Chemotherapy for Penile and Urethral Carcinoma

Although surgery is the mainstay of curative treatment of carcinomas of the penis and urethra, there is a role for systemic cytotoxic chemotherapy for locally advanced, unresectable, or metastatic tumors. Although this field is limited by a paucity of clinical trials or prospective data, the available single institutional retrospective reviews indicate that multi-agent cisplatin-based combination chemotherapy regimens have significant activity and may allow curative surgery for patients with otherwise unresectable tumors. Toxicity remains a concern in this typically older patient population, and clearly new regimens are necessary. This article reviews the available literature on chemotherapy for carcinoma of the penis and urethra in the neoadjuvant, adjuvant, and metastatic setting.

Systemic therapy for carcinoma of the penis and urethra is considered for locally advanced disease as part of a multimodal treatment regimen, or for suspected or proven metastatic disease. The mainstay of systemic therapy for these conditions has traditionally been cytotoxic chemotherapeutic agents, but may incorporate small-molecule targeted agents in the future as their use widens with other solid tumors. The field is limited, however, by the relative rarity of the disease in the Western world, and the lack of robust, large clinical trials to date. This article reviews the systemic therapy agents and data available for these conditions in the neoadjuvant or adjuvant setting as well as for metastatic disease, and highlights the importance of stage and histology for these categories.

Penile squamous cell carcinoma

Penile carcinoma is a rare tumor in the Western world, with only 1290 cases expected in the United States in 2009. Unfortunately, because of the disease site, patient reluctance, and social mores, patients commonly present with advanced disease. Therefore, effective systemic therapies are necessary and are commonly incorporated into multimodal treatment regimens. These strategies are palliative, to debulk advanced tumors in an attempt at local control, as well as potentially curative for lesser burdens of disease.

Neoadjuvant Chemotherapy for Bulky/Unresectable Disease

Patients presenting with locally advanced penile tumors with clinically negative inguinal lymph nodes are typically treated surgically initially, with chemotherapy considered in the adjuvant setting for high-risk patients. If patients have unresectable locally advanced penile tumors, or bulky inguinal nodal disease, neodjuvant chemotherapy before surgical consolidation can be considered. Multiple cytotoxic agents have been reported to be active for penile carcinoma, either as single agent or in combination, including methotrexate, bleomycin, cisplatin, and 5-fluorouracil (5-FU).

Small, retrospective, single-institution studies have investigated neoadjuvant chemotherapy for unresectable disease. Leijte and colleagues reported on a 33-year experience from Amsterdam of 20 patients with unresectable inguinal lymphadenopathy, with a total of 5 different chemotherapy regimens used neoadjuvantly during that time period. In this series, single-agent bleomycin was used until 1985; from 1985 to 1999 combination bleomycin, vincristine, and methotrexate (VBM) were administered; cisplatin and 5-FU were given from 1999 to 2001; and since 2001 a 3-drug regimen of cisplatin, bleomycin, and methotrexate has been used, with 1 patient receiving cisplatin and irinotecan on a separate protocol. There was an overall response rate of 63%, and 5-year survival of 32%. There was marked difference in survival between chemotherapy responders and nonresponders: 56% 5-year survival in responders versus all nonresponders died within 9 months. Of the responders, 9 underwent consolidative surgical resection, with 8 of these patients achieving durable long-term survival. The chemotherapy regimens did carry significant toxicity, however, with 3 toxic deaths and cessation of chemotherapy because of toxicity in 1 patient. Using a similar VBM regimen, investigators from Milan reported a small pilot neoadjuvant and adjuvant study of 17 patients, including 5 patients receiving neoadjuvant therapy. Of these 5 patients with bulky unresectable inguinal nodal disease, 3 (60%) had a partial response to VBM, allowing consolidative surgery with durable disease-free responses; the 2 nonresponders died within 1 year of diagnosis.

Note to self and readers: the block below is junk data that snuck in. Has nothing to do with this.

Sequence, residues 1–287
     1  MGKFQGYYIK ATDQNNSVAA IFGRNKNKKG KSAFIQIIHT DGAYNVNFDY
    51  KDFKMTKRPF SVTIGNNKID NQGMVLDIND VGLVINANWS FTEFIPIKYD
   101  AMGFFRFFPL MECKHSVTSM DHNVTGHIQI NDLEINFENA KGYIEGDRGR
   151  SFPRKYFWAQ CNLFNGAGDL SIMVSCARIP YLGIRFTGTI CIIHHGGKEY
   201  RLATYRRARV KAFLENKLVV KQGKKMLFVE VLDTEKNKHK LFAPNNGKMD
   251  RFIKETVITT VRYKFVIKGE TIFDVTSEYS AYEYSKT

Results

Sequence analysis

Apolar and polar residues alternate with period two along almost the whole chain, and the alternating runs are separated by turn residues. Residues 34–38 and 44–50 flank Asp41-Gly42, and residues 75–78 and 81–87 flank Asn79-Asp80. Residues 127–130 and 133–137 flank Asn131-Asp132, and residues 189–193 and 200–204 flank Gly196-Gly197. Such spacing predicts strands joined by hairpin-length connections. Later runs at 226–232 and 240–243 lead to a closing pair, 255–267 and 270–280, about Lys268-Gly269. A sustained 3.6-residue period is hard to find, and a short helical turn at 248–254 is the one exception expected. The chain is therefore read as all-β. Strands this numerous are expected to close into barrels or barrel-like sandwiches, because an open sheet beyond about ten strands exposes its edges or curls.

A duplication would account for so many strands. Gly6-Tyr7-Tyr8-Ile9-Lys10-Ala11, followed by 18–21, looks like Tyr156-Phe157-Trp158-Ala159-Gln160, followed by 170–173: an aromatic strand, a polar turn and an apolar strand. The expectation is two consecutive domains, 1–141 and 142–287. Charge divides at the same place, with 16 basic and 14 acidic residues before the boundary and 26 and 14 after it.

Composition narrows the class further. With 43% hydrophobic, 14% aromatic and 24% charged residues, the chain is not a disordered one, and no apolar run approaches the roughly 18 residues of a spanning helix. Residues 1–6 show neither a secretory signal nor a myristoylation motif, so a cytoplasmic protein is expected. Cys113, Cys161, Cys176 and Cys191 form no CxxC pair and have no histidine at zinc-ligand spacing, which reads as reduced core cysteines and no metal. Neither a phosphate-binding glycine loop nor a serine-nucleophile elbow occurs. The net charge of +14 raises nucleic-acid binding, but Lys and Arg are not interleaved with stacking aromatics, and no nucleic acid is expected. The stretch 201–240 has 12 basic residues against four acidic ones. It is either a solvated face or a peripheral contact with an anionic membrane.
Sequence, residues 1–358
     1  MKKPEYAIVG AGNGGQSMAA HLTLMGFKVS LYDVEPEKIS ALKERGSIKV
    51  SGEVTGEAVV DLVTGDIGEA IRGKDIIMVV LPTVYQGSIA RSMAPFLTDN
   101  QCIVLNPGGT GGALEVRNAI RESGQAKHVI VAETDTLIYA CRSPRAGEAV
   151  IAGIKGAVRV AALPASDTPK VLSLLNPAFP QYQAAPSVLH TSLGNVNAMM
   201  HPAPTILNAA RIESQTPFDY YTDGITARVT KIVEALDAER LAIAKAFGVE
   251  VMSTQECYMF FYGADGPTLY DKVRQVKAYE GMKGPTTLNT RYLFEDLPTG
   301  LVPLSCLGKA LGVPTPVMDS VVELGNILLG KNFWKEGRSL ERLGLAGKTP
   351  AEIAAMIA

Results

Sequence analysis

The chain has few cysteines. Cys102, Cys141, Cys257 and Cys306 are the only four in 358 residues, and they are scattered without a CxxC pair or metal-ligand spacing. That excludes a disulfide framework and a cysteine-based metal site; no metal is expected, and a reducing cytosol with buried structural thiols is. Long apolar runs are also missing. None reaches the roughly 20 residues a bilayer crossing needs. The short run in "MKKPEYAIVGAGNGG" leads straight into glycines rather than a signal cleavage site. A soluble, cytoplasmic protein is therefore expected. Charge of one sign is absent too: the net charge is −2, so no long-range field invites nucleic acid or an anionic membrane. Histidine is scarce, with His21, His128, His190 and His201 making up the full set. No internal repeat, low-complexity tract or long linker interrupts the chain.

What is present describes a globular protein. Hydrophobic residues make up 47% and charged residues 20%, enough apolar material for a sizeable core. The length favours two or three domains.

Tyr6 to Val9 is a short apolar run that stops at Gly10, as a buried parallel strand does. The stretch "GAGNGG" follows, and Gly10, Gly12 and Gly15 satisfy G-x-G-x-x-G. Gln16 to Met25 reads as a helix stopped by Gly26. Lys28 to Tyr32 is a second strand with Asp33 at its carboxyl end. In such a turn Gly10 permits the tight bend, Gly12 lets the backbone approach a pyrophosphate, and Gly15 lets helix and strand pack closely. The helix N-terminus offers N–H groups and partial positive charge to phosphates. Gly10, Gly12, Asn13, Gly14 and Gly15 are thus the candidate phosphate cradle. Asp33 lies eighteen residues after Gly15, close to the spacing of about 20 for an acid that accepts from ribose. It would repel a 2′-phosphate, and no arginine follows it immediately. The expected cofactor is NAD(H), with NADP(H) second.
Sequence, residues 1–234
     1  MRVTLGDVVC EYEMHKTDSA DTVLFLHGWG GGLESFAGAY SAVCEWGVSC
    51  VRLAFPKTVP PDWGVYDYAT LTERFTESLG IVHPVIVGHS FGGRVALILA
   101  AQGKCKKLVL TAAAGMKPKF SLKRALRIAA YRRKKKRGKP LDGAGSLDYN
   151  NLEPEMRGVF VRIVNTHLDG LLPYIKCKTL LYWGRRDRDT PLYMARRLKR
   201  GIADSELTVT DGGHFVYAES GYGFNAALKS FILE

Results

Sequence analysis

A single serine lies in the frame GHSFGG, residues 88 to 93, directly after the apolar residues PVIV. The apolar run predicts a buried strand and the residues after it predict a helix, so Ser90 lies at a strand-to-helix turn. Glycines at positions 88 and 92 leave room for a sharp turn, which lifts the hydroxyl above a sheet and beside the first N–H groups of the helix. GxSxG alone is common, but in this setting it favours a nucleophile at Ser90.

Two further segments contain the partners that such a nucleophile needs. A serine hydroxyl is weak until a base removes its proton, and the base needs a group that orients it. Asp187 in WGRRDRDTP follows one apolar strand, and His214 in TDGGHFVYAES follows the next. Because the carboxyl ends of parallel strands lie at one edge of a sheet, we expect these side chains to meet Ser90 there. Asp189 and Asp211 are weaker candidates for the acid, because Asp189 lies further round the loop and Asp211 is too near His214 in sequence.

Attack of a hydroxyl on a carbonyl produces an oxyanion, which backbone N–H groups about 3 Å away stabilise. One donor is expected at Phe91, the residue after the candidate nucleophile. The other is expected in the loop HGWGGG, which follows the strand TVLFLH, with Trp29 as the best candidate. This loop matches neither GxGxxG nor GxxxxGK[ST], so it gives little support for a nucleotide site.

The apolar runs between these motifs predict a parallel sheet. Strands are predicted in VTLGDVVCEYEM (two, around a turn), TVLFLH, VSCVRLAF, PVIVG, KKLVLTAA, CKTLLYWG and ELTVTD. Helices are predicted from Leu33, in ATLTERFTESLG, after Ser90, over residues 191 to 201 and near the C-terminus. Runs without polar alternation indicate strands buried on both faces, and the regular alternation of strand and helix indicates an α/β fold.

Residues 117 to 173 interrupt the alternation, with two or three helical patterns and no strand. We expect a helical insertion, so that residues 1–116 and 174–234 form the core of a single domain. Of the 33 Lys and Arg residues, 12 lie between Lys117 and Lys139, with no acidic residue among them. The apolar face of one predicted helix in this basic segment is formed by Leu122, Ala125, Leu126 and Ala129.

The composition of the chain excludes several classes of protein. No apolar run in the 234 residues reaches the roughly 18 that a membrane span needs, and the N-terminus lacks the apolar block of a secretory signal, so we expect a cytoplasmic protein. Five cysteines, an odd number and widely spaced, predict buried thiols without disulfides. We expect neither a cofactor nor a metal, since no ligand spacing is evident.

In a another study from Texas, Bermejo and colleagues reported on the MD Anderson experience with surgical resection after neoadjuvant chemotherapy for unresectable penile squamous cell carcinoma from 1985 to 2000 in 10 patients. These patients received several different chemotherapy combinations, including bleomycin, methotrexate, cisplatin (BMP), ifosfamide, paclitaxel, cisplatin (ITP), or paclitaxel/carboplatin. These 10 patients, drawn from a total cohort of 59 patients who presented with locally advanced or metastatic penile carcinoma, had a complete (4) or partial response (1) or stable disease (5) after chemotherapy; the remaining 49 patients remained unresectable after chemotherapy or had progressive disease. The 5-year survival for these 10 patients was 40%, with a median survival of 26 months. Notably, there were 3 patients with pathologic complete response (pN0), all of whom received ITP. All patients with 3 or more positive lymph nodes found at consolidative surgical resection after neoadjuvant chemotherapy ultimately died of their disease.